A strong immune system can help you fight off infections, common colds, flus, and other bacteria or viruses. While there are certain lifestyle habits that contribute to healthy immune function, the key to enhancing immunity is your diet. The right foods won’t change the way your immune system operates overnight, but they provide your body with antiviral, antimicrobial, and anti-inflammatory compounds.
What Is The Immune System?
The immune system is an interactive network of organs, white blood cells, and proteins, all of which work together to protect the body from foreign substances. Working to neutralize bacteria, pathogens, and viruses that enter the body, the immune system works round the clock. A healthy immune system recognizes harmful substances from the environment and fights against cells in the body, which have been harmed or changed by way of an illness. An unhealthy immune system attacks certain cells, organs, or systems within the body, resulting in autoimmune disorders.
The innate immune system works as a general defense against pathogens. The adaptive immune system works to address specific pathogens that the body already is in contact with. These two systems work together to keep the body healthy, and you can enhance their function by eating the foods below.
Herbal healers in many cultures have relied on ginger’s ability to boost immune function. In Ayurveda, for example, the belief is that ginger breaks down the accumulation of toxins in the organs because it has a warming effect. Studies found that ginger works to cleanse the lymphatic system, helping the body eliminate toxins, waste, and other unwanted materials. Ginger essential oil also exhibits anti-inflammatory and antimicrobial properties, which may help treat infectious diseases.
Beta-carotene foods tend to be orange, but there are greens that are also great sources. Carrots, pumpkins, sweet potatoes, papaya, apricots, red bell peppers, kale, collard greens, and spinach offer beta-carotene in droves. Research studies indicate that getting beta-carotene via food is much better than taking supplements. This is because foods contain carotenoids, which are antioxidant compounds that optimize immune function and fight free radicals.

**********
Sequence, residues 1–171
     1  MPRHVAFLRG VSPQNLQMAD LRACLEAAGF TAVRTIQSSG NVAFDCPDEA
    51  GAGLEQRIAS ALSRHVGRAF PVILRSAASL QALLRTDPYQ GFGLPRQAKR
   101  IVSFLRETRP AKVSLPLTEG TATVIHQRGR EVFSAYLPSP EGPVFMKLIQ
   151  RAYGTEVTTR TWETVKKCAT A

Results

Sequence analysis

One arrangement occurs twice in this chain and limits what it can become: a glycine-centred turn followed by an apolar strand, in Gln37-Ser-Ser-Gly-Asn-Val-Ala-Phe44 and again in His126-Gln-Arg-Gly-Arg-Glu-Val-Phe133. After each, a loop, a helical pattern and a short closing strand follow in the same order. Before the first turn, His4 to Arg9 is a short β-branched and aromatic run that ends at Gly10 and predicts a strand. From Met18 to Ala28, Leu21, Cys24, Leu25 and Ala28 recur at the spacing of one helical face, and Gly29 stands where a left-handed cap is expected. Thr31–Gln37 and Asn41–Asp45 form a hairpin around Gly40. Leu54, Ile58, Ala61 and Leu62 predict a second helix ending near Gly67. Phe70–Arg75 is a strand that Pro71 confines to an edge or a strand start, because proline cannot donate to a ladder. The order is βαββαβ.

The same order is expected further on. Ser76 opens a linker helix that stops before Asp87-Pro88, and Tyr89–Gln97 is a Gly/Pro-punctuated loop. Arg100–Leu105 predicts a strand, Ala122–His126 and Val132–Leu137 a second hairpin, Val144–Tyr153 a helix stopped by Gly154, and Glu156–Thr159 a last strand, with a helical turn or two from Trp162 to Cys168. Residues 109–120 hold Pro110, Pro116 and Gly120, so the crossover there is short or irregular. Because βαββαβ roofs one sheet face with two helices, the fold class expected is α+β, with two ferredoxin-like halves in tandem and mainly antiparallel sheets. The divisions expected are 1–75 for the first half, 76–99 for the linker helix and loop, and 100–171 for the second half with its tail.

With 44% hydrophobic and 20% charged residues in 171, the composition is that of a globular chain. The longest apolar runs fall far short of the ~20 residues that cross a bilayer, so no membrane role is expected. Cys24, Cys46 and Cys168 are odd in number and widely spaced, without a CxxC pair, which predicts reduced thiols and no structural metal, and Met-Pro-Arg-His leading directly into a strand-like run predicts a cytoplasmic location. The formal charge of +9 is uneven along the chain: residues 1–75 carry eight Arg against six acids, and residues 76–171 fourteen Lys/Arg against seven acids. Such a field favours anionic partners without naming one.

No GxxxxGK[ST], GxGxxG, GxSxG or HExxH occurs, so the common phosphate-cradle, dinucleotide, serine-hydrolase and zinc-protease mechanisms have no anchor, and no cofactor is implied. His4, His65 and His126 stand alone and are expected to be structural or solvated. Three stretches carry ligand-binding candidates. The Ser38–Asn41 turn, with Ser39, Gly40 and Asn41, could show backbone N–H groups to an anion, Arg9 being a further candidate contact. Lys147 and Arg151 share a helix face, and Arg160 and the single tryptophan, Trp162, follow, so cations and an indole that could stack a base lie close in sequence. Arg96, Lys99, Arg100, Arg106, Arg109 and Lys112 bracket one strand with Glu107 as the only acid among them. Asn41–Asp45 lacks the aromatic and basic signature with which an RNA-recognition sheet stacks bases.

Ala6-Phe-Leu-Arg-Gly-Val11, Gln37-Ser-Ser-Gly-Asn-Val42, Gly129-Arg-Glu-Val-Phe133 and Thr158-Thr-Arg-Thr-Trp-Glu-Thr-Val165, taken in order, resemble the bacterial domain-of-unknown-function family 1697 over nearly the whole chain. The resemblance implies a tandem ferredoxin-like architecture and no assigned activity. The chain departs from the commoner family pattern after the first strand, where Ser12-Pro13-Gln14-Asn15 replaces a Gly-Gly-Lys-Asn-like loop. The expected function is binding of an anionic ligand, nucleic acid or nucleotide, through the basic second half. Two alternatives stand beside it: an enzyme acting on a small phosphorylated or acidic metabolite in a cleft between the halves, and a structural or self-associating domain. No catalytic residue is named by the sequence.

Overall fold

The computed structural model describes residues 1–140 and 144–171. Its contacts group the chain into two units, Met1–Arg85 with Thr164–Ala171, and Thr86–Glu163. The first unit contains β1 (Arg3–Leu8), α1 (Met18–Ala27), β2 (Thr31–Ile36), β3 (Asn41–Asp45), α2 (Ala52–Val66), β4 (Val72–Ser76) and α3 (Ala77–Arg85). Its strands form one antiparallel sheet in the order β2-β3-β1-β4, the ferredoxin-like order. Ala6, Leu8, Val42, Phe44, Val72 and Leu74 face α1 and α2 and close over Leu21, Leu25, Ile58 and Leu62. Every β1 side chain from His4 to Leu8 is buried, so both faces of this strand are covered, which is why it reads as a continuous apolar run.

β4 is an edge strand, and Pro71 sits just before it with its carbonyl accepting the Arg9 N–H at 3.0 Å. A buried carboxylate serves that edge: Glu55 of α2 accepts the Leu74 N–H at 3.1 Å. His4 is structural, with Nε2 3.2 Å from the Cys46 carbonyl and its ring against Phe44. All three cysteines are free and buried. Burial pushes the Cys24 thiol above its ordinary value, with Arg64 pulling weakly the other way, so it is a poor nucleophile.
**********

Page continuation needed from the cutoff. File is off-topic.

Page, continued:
There are many studies and articles that encourage the consumption of green tea. It contains powerful antioxidants that exhibit immunomodulatory properties. Researchers note that green tea works as an antiviral and antifungal agent that may benefit immunocompromised patients. Because green tea contains caffeine, you don’t want to drink it all day long, but a cup a day may help to enhance immune function.
Vitamin C Foods
It may surprise you to learn that citrus fruits are not the richest sources of vitamin C. There are many fruits that exhibit impressive levels of vitamin C. Bell peppers, black currants, cranberries, guavas, citrus fruits, honeydew, parsley, mangos, pineapples, and kiwis contain a lot of vitamin C. Studies show that getting enough vitamin C in your daily diet may help reduce symptoms of respiratory infections. Vitamin C may also work to shorten the duration of certain illnesses, including bronchitis and the common cold.
Most people don’t think of almonds as immune-boosting foods, but they offer a diverse mix of nutrients that benefit the immune system. Almonds are great sources of vitamin E, and although it takes a backseat to vitamin C, it does exhibit powerful antioxidant capabilities. Vitamin E is a fat-soluble vitamin, meaning it needs fat for the body to properly absorb it. Fortunately, almonds contain lots of healthy fats, which help the body efficiently absorb and process the vitamin E.
Known for reducing inflammation, turmeric is the golden powder that is a key ingredient in many curries. It is a bright orange-yellow spice with a bitter flavor profile, offering potent anti-inflammatory properties that have a proven ability to benefit people with arthritis. Research shows that curcumin, the active compound in turmeric, may decrease exercise-induced muscle damage. It may also act as an antiviral agent, according to animal studies, so more human studies are necessary to confirm this.
Spinach didn’t just make the list because it is a rich source of vitamin C. It is rich in numerous antioxidants, including beta-carotene, which may help the body fight off infections. Similar to broccoli, spinach retains most of its nutrients in its raw state. Cooking spinach, however, makes it easier for the body to absorb the vitamin A. Cooking spinach a little also aids the release of other nutrients from the oxalic acid, an anti-nutrient.